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ICC Note:
Bhutan is a small South Asian country located in the Himalayan mountain range. Traditionally, Bhutan was a Buddhist kingdom dominated by Buddhism. In recent years, Bhutan has opened up to the Gospel and a small community of Bhutanese believers has been established. Unfortunately, Christianity is seen as a foreign religion contrary to the religious tradition of Bhutan. Bhutanese Christians are often ostracized from society and are forced to worship in secret to avoid persecution and discrimination. In this Open Doors interview, one pastor from Bhutan describes his experiences.  
12/17/2013 Bhutan (Open Doors) – Peter leads three house fellowships in three different districts in Bhutan, but he’s not an ordained pastor. He travels to villages to meet believers, pray for them, and encourage them in their faith. In a conversation with Open Doors, the 45-year-old shares his story, as well as the challenges of ministering to minority believers in this predominantly Buddhist country.
Open Doors: How many believers are there in a typical house fellowship?
Peter:   Most of the time, a house fellowship has 15-20 believers. A few have 30.
OD:  How many members are in your house fellowship?
P:   40-50.
OD:  You come from a strong Hindu background. When you met Christ, did you experience problems because of your faith?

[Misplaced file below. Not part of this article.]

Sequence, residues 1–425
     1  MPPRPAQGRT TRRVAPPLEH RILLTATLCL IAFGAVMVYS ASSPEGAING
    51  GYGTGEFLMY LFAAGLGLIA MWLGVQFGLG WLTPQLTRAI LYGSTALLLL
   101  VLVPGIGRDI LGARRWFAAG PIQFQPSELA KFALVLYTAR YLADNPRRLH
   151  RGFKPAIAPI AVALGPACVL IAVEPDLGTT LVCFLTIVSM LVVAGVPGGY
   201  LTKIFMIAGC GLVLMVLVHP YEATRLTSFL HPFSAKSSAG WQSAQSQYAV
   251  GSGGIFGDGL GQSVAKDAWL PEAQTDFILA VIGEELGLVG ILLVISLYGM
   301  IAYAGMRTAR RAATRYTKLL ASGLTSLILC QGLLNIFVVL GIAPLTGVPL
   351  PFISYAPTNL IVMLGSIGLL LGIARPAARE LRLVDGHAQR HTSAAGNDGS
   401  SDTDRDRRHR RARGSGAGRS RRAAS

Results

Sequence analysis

P:  My Buddhist boss called me one time, and asked me why I converted. He said that my religion (Christianity) was a “foreigner’s religion.” He forced me to stand for a long time in his office, thinking that I would get tired and deny Jesus. But when he saw that I was not giving in, he let me go and warned me not to hold fellowships in the workplace. “Don’t create problems!” he told me.
OD:  What does ‘don’t create problems’ mean?
P:   Don’t convert people. I have people working under me. My boss is afraid that I might convert those people. But I don’t force people to come to Christ. If they are interested, they can come to the house fellowship, and hear the good news.
OD:  How do you manage your time, juggling between a full-time job and a ministry of three house fellowships?
P:   Very tough… in some places, it is very risky to visit the believers, because the Buddhists there are hostile. They don’t like us teaching there. So I do my visits in the evening, and say I am there to visit friends.
OD:  So what’s the next step for the church in Bhutan?
P:   The next step should be to equip the believers biblically. What we are trying to do is to unite the leaders.

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